Transitional Cell Prostate Cancer
This is also known as urothelial carcinoma. This cancer starts in the cells that line the urethra . Transitional cell cancer can start in the bladder and spread to the prostate or, more rarely, it can start in the prostate itself.
Studies of men with transitional cell prostate cancer show that PSA levels can be low or high. More research is needed before we can know whether PSA tests can help to diagnose transitional cell prostate cancer.
Men with this cancer often have difficulty urinating and find blood in their urine. This is because the cancer grows around the urethra, causing it to narrow. This means transitional cell carcinoma is often diagnosed when men have surgery called transurethral resection of the prostate to treat their urinary problems, as the tissue removed during surgery is looked at under the microscope.
If the cancer started in the prostate and has not spread outside the prostate, then you may be offered surgery and radiotherapy. If the cancer has spread to areas just outside the prostate or to more distant areas of the body such as the bones then chemotherapy and/or radiotherapy may be an option.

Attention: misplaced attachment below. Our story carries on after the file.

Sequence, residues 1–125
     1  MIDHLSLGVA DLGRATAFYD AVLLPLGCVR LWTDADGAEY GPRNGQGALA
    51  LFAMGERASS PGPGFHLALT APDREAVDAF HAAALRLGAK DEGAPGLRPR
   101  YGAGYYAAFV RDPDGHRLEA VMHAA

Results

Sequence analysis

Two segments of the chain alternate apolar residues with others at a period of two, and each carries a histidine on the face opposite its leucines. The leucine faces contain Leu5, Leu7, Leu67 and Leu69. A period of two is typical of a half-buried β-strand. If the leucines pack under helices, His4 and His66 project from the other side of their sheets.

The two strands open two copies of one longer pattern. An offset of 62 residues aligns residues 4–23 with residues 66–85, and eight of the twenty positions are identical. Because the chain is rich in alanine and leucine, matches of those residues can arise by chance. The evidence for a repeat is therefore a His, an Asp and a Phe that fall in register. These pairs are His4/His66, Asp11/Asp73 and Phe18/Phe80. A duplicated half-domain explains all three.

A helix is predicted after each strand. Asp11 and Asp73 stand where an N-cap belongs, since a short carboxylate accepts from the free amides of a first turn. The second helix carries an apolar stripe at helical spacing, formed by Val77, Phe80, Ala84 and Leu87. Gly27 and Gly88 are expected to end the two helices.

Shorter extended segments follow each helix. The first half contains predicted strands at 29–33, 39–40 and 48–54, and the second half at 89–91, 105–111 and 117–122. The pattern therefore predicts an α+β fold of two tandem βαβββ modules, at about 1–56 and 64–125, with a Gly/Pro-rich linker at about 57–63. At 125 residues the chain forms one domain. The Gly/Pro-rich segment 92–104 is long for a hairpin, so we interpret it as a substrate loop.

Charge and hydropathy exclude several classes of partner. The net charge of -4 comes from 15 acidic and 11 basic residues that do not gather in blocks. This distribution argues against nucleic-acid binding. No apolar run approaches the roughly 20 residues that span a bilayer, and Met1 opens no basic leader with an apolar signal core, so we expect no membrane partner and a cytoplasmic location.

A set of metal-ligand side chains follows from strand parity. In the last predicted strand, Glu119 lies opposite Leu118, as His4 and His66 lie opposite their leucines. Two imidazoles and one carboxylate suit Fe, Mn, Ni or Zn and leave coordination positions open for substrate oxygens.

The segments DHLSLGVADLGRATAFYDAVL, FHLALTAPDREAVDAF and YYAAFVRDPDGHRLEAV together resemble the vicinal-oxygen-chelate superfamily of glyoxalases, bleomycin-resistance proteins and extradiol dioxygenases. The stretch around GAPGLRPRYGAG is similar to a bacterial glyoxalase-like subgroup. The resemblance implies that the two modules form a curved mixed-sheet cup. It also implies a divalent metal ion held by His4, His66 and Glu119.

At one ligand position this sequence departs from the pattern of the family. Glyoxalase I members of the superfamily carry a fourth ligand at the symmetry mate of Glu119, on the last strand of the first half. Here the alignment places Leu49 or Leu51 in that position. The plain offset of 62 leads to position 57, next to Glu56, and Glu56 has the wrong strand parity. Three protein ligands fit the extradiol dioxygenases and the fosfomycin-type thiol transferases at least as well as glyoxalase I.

Your doctor or nurse will tell you what treatment options are available to you. Read more about how these cancers are treated below.
Alterations In The Dna
Emerging clinically relevant subcategories in AVPCa include disease that demonstrates not only NE differentiation but also tumors with somatic and/or germline alterations in the DNA repair pathway . Identification of these subtypes has direct clinical relevance with regard to the potential benefit of platinum-based chemotherapy, poly polymerase inhibitors, and likely further therapies as new therapeutic targets are identified in these groups .